THE more permanent and non-debt-creating FDI inflows to Pakistan have shrunk by a whopping 27pc to a meagre $1.1bn in the first seven months of the ongoing fiscal to January from $1.6bn received in the same period in the last financial year, according to new State Bank data. The inflows during January also dropped to $192.7m, down by 12pc when compared to $219m in the same month of the previous fiscal. The decline in FDI is mainly attributed to the almost 20pc plunge in net inflows from China to $402.8m, and outflows of just below $26m to Norway during the period July to January. China, nevertheless, retains its position as the largest investor in Pakistan followed by the Netherlands, Hong Kong, Malta, the UK and the US. Much of the FDI received during this fiscal has gone into coal and hydel power, the financial sector, and, oil and gas exploration.
The FDI inflows are crucial for technology transfer, improvement in business management practices, competition, exports, employment and deeper integration with the world economy. But FDI to Pakistan has been on the decline since 2017 after Chinese investment in the power and transport sectors under the CPEC initiative started to dry up. According to UNCTAD’s World Investment Report 2020, FDI stock declined sharply from $40.8bn to $34.8bn in two years by 2019, entailing a hefty net outflow of $6bn. Consequently, we have seen a record increase in our foreign debt both in absolute terms and as a ratio of the size of the economy. Pakistan has never been a favoured destination for foreign investors because of a number of factors. Barring the record-high investment of $5.6bn and $5.4bn in 2007 and 2008, annual FDI inflows have accounted for less than 1pc of the nation’s GDP although other states comparable to Pakistan have attracted close to 3pc of the size of their economies. While Pakistan, to a large extent, has successfully addressed the security challenge and energy shortages — which have kept foreign investors from betting on this country in recent years — it has clearly not been enough to make Pakistan an attractive destination for foreign companies. The government also needs to tackle other challenges including a burdensome investment environment, policy inconsistency, an unskilled labour force as well as the lack of developed industrial infrastructure to woo foreign investors for sustained and rapid growth and a more stable external sector.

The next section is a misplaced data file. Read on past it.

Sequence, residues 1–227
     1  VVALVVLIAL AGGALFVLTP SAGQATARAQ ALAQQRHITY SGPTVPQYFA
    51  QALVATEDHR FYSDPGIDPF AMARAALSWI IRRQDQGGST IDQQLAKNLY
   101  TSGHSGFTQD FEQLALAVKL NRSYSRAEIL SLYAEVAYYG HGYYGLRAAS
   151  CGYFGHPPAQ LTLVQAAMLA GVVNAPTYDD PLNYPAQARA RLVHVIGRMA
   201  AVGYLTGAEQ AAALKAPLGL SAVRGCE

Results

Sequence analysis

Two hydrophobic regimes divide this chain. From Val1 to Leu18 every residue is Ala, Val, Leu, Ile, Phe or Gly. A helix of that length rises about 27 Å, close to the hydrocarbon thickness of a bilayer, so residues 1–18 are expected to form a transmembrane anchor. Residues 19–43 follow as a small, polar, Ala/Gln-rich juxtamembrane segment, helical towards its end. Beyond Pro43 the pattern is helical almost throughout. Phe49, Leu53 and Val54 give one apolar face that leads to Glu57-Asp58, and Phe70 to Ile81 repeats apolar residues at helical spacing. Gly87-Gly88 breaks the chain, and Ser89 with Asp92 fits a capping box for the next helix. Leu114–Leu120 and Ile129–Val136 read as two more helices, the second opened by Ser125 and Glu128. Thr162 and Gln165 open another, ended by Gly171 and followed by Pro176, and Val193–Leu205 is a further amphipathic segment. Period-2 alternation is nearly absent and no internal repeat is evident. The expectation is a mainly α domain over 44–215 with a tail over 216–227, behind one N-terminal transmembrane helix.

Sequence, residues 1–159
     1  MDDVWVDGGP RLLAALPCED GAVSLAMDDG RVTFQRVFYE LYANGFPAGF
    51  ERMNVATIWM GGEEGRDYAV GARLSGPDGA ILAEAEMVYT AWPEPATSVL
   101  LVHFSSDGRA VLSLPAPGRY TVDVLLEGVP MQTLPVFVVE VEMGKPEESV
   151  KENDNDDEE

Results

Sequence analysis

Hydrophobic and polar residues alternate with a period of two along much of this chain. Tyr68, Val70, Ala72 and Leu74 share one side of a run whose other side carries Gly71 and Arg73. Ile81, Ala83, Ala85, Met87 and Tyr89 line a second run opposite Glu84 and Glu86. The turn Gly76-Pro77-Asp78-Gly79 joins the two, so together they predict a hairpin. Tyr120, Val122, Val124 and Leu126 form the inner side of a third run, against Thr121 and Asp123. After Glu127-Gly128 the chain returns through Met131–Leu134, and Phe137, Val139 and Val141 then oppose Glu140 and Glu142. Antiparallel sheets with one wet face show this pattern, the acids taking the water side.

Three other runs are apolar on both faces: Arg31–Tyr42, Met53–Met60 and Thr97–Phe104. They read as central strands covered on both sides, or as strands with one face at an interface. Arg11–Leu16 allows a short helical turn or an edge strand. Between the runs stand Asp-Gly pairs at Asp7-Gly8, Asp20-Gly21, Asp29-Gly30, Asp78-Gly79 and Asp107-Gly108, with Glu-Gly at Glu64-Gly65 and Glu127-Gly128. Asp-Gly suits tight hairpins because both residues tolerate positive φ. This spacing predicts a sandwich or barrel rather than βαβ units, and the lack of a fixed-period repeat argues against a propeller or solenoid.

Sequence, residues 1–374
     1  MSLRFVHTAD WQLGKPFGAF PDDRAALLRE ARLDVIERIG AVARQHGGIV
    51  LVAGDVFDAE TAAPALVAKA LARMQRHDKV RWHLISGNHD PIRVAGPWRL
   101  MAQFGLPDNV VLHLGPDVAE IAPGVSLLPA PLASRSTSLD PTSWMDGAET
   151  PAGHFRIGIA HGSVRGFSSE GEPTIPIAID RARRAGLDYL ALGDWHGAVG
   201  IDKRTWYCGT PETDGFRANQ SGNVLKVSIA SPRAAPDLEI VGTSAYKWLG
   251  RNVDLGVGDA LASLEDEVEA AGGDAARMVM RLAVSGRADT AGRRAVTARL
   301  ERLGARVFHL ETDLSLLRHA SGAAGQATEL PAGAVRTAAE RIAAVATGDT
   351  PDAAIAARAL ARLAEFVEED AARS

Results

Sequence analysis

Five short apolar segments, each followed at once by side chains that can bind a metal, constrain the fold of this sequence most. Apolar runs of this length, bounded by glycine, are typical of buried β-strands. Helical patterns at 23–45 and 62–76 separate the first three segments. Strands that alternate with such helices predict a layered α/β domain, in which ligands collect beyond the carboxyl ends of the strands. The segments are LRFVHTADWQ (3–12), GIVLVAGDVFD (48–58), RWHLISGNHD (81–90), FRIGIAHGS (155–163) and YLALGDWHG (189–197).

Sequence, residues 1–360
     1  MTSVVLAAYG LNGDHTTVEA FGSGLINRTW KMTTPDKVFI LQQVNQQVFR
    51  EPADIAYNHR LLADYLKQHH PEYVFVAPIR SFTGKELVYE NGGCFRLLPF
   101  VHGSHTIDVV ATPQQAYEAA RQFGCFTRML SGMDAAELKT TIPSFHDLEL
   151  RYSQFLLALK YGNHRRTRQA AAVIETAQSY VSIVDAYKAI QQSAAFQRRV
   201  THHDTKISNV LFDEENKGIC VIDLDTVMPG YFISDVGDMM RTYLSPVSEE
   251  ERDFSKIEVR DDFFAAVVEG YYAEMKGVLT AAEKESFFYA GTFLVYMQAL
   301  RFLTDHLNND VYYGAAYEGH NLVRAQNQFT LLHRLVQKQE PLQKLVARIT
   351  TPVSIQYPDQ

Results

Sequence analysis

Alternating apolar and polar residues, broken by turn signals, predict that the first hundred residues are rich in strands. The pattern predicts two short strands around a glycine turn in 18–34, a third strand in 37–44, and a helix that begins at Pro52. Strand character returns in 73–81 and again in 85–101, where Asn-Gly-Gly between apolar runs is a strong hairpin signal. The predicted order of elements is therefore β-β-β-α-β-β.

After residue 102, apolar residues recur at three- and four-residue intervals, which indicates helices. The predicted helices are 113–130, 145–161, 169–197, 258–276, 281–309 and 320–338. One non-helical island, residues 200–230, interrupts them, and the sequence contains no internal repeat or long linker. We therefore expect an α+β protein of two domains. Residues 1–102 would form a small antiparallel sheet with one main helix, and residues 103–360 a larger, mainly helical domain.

Published in Dawn, February 24th, 2021